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Ambassador Cui signs on to Twitter

By Zhao Huanxin in Washington | China Daily Global | Updated: 2019-07-09 23:13

A screenshot of the first Twitter posting of Chinese ambassador to the US Cui Tiankai. 

China's ambassador to the US signed on to Twitter on Monday, becoming one of the first incumbent Chinese diplomats to leverage the power of the popular social media site to reach out to more Americans.

"I'm pleased to join Twitter and look forward to engaging with more American people. Feel free to follow me (@AmbCuiTiankai) and @ChineseEmbinUS to stay looped in," top envoy Cui Tiankai said in his first tweet Monday morning.

Cui's personal account had more than 2,000 followers by early Tuesday morning. His Twitter account and the embassy's debuted on the same day.

The embassy tweeted: "As China & the US celebrate a 40-yearlong diplomatic relationship, we are pleased to join Twitter, in which we can engage in more frequent and productive dialogue with Americans. #ChinaUS40."

While a few Chinese embassies, such as those in Canada, Japan and the Philippines, have official Twitter accounts, Cui appears to be the first Chinese ambassador to create a niche on the microblogging platform.

Cui's purpose for joining Twitter for "engaging with more American people" is believed to echo his efforts in recent years to promote the role of the people in mending and retrofitting China-US relations.

The ambassador has on various occasions stressed that in the new international context, the China-US relationship has once again come to a crossroads in history, when the relations should continue to be defined by the two peoples.

Since becoming China's top envoy in Washington in 2013, Cui has traveled across the United States, debating on China-US relations and delivering China's voice at forums and venues in and beyond Washington. He has been interviewed by leading US media, such as Fox News and Bloomberg, and contributed opinion pieces to The Washington Post, USA Today and other major newspapers.

The Twitter account is expected to make the ambassador more accessible to people from all walks of life and help improve the quality of Sino-American dialogue, according to Andrew Mertha, Hyman professor and director of the China Program, School of Advanced International Studies at Johns Hopkins University.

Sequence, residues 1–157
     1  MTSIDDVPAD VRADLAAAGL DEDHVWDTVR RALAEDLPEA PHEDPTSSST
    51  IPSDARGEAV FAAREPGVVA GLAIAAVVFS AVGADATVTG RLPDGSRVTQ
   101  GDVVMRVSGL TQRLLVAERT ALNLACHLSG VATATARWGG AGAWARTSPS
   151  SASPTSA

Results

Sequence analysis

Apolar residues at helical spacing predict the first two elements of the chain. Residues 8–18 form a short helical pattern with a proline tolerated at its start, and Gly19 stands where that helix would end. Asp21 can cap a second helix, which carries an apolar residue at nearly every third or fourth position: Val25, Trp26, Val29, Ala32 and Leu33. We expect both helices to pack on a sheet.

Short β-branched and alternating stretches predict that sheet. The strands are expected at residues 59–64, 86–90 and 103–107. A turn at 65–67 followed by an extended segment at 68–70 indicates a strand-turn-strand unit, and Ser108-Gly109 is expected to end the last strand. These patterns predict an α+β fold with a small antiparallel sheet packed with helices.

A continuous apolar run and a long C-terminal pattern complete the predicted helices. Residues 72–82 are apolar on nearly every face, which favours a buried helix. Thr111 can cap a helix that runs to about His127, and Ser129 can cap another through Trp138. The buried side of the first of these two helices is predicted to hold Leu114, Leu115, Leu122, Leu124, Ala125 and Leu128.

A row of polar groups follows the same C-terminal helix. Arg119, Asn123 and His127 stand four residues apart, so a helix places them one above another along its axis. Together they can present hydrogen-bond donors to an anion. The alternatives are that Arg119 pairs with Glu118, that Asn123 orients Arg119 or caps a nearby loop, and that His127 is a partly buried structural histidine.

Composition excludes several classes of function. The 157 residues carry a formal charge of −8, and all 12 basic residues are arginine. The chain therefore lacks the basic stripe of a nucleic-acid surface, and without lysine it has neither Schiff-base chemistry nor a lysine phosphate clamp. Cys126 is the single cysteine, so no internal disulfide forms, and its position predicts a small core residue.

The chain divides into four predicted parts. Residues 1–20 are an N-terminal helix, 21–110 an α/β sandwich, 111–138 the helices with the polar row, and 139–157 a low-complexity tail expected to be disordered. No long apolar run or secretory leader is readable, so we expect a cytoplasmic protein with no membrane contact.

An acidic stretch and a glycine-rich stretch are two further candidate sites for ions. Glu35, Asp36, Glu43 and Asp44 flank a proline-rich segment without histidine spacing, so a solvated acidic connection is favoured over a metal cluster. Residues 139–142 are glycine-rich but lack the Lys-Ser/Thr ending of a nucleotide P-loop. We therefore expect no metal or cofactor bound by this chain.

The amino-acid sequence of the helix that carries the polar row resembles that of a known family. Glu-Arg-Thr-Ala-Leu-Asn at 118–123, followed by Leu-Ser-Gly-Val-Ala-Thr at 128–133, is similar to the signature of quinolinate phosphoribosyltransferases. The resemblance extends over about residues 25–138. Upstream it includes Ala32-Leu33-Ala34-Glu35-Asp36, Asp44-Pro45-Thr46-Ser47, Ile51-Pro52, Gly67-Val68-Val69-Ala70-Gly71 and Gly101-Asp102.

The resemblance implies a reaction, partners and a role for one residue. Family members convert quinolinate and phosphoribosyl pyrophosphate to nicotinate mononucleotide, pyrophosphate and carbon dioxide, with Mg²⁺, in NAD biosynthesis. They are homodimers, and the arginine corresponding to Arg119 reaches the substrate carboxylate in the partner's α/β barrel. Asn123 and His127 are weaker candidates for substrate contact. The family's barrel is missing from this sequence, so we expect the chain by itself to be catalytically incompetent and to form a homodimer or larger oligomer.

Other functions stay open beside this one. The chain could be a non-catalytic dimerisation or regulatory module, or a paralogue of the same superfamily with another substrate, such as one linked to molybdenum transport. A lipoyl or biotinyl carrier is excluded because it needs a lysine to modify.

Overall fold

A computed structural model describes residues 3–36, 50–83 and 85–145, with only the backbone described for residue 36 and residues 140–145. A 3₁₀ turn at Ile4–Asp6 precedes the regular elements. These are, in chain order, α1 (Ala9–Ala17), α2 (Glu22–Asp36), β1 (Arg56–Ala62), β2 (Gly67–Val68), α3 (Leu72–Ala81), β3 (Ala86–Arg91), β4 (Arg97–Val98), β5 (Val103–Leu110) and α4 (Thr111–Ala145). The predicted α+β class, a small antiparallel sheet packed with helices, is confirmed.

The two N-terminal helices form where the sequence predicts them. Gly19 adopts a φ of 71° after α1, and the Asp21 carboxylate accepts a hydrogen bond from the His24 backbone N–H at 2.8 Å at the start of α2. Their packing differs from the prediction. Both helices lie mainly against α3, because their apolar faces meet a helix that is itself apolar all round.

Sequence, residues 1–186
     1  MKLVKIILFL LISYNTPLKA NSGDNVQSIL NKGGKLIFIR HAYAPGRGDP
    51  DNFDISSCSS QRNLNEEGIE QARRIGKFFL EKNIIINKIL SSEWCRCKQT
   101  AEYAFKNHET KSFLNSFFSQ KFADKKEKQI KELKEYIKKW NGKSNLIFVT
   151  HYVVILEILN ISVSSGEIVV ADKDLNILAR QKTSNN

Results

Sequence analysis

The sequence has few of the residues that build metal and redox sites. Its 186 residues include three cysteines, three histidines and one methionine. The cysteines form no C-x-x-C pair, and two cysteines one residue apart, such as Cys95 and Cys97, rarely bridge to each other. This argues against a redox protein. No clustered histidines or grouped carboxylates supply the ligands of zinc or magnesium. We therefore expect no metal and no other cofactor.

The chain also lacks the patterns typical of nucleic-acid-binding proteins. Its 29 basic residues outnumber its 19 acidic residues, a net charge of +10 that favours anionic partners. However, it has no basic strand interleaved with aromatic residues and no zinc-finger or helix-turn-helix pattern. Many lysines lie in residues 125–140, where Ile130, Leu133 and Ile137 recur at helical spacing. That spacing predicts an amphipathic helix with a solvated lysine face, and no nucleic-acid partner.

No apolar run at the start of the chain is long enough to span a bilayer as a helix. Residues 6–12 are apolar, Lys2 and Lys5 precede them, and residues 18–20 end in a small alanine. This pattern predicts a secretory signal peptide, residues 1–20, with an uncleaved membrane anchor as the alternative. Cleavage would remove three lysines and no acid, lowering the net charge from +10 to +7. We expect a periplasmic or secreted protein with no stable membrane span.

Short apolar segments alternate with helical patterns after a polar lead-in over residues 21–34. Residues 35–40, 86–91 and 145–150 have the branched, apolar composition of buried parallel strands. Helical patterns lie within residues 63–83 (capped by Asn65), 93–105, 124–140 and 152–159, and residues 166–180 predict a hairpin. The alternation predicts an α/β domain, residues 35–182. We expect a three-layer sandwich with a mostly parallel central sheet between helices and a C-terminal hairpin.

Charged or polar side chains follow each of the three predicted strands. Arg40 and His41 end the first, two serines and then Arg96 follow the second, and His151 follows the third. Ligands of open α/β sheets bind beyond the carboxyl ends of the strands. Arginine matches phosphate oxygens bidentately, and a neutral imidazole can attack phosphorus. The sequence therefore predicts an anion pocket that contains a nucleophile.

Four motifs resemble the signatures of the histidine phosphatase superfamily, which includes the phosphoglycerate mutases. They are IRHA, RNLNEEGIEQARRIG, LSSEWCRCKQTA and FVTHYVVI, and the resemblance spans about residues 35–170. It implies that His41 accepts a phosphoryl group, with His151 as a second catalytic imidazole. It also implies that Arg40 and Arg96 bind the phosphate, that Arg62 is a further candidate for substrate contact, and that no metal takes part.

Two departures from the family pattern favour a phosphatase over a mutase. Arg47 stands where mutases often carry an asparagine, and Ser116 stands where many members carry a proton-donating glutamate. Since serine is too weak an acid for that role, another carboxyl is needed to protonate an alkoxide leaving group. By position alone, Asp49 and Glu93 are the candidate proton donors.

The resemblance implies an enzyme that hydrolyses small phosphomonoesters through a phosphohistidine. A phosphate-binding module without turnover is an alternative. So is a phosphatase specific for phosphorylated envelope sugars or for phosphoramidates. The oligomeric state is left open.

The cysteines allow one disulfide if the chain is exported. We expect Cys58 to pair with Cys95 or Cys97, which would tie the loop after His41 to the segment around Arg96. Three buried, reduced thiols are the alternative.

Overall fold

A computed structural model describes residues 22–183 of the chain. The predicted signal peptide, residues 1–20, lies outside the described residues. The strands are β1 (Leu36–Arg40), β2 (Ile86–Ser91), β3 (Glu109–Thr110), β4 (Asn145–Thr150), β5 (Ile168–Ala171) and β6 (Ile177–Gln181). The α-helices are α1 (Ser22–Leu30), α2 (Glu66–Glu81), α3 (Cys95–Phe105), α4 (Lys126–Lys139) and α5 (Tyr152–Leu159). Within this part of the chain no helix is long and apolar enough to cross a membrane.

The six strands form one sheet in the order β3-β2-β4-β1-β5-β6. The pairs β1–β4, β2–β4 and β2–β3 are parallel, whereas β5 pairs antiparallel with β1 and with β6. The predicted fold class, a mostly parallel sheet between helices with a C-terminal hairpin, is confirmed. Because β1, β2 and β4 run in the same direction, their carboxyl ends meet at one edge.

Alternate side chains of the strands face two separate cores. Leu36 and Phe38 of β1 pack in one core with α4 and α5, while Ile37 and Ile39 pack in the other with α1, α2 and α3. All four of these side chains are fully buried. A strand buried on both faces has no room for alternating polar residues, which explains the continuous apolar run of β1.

"I think it is important for his voice to enter the conversation," Mertha said of Cui's Twitter account. "Twitter is a challenging medium because it leads to extreme views and people who follow it are often immune to persuasion (I'm not a huge fan of it!), but in skillful hands it can improve the quality of the Sino-US dialogue."

Mertha said that smart countries send their very best to represent them abroad, and Ambassador Cui understands the different political realities in both countries and is able to navigate them extremely well.  

"He absolutely represents China's interests (I was part of a delegation that met with him a decade ago and he was extremely critical of US policy regarding the South China Sea — we were suitably chastised!), but he deeply understands US views as well. And his is one of the most intelligent, articulate and persuasive voices advocating for engagement, a point of view with which I strongly agree," Mertha told China Daily.

Cui's first tweet was met with mixed reactions from other Twitter users, with most welcoming his presence for "real communications" and some cautioning him against the possible dark side.

"I think it's important for you to clarify lots of rumors and bias in Twitter about China," one user commented.

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